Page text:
linking and conjecturing in making generalizations - a question

From: Steve Gabosch (
Date: Thu Jun 02 2005 - 20:45:23 PDT

Two "participation frameworks" - linking and conjecturing - are examined in
the A. Susan Jurow paper "Generalizing in Interaction" to understand how
the subject students collaborate with one another and generalize about
mathematical relationships in their study of guppy populations.

"Linking" refers to "the process of creating and applying classification
systems." Things/situations etc. are compared for similarities and
differences. "The question addressed in a linking sequence is "Is this one
of those?" (page 287-288).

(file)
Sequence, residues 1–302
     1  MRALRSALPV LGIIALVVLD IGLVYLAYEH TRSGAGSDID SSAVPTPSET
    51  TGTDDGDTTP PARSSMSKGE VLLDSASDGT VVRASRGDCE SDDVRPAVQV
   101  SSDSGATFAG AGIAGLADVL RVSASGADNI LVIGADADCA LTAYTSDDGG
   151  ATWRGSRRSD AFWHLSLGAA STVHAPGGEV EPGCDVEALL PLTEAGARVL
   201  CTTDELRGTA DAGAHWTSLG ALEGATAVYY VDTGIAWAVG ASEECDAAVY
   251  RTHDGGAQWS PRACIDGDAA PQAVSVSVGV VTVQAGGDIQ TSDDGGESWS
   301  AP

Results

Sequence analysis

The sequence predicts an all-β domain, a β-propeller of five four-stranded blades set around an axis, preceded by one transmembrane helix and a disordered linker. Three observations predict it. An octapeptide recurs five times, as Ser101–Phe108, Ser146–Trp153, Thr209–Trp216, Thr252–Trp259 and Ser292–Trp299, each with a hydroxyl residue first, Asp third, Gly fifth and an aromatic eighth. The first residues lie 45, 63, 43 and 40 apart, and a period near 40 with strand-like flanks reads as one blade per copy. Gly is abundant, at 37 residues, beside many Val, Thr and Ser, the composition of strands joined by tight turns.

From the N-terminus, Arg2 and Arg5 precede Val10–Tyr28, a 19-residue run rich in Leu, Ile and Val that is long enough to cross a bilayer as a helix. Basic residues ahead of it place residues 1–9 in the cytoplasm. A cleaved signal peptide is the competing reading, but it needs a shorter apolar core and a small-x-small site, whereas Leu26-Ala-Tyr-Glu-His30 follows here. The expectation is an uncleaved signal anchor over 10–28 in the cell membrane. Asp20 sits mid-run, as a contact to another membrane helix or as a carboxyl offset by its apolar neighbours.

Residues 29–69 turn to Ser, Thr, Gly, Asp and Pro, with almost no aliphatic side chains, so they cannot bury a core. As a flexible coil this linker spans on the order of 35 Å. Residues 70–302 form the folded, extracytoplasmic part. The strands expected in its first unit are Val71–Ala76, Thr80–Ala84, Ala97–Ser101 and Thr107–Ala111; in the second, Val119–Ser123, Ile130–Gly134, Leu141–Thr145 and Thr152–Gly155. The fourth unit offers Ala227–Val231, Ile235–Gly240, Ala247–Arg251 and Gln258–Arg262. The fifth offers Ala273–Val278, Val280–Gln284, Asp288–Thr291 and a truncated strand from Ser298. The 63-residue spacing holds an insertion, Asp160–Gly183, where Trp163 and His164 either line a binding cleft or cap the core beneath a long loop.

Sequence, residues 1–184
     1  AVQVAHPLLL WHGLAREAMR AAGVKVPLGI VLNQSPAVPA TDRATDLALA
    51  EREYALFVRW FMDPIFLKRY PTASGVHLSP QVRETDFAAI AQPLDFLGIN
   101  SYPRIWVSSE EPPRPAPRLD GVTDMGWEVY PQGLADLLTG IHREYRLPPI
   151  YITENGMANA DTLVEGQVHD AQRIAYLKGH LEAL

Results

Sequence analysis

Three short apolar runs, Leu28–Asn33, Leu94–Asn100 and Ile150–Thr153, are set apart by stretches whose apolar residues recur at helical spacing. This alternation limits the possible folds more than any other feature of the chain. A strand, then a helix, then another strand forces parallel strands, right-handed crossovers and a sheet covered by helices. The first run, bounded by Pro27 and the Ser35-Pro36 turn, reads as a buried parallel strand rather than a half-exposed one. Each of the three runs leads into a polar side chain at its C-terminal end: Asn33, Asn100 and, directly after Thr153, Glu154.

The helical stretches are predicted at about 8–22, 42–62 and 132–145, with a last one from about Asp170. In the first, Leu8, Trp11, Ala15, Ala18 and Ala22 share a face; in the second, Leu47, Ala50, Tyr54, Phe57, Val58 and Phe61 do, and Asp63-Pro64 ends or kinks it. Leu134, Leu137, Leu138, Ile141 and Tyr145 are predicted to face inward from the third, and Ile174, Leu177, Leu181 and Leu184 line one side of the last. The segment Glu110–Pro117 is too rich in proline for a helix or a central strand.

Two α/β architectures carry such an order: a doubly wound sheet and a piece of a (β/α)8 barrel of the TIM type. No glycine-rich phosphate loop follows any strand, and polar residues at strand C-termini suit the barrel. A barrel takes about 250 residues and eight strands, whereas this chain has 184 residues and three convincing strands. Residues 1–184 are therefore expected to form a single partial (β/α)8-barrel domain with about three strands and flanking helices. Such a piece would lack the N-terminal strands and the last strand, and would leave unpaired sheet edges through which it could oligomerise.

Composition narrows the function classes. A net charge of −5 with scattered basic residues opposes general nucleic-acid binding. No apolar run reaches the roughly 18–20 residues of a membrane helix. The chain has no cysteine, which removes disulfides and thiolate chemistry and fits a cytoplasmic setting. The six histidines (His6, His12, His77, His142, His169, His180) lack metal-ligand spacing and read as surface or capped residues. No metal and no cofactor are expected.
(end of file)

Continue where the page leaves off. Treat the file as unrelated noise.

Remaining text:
"Conjecturing" is the "process of describing and explaining the behavior of
objects and situations." Prediction of patterns is key. "Conjecturing is
important for generalizing because it allows one to answer the question,
"What would happen if?" (page 290).

In her Conclusion section, Jurow explains "This study found that when
students attempted to generalize they used talk, inscriptions, and embodied
activity to identify the relevant similarities and differences between
situations (linking) and to predict and explain what will happen in a
situation (conjecturing)." (page 297).

She also points out "The two participation frameworks described in this
article were those used by one group of students in a single classroom."
(page 297).

This implies that other participation frameworks besides linking and
conjecturing are common or possible. What are some examples?

- Steve

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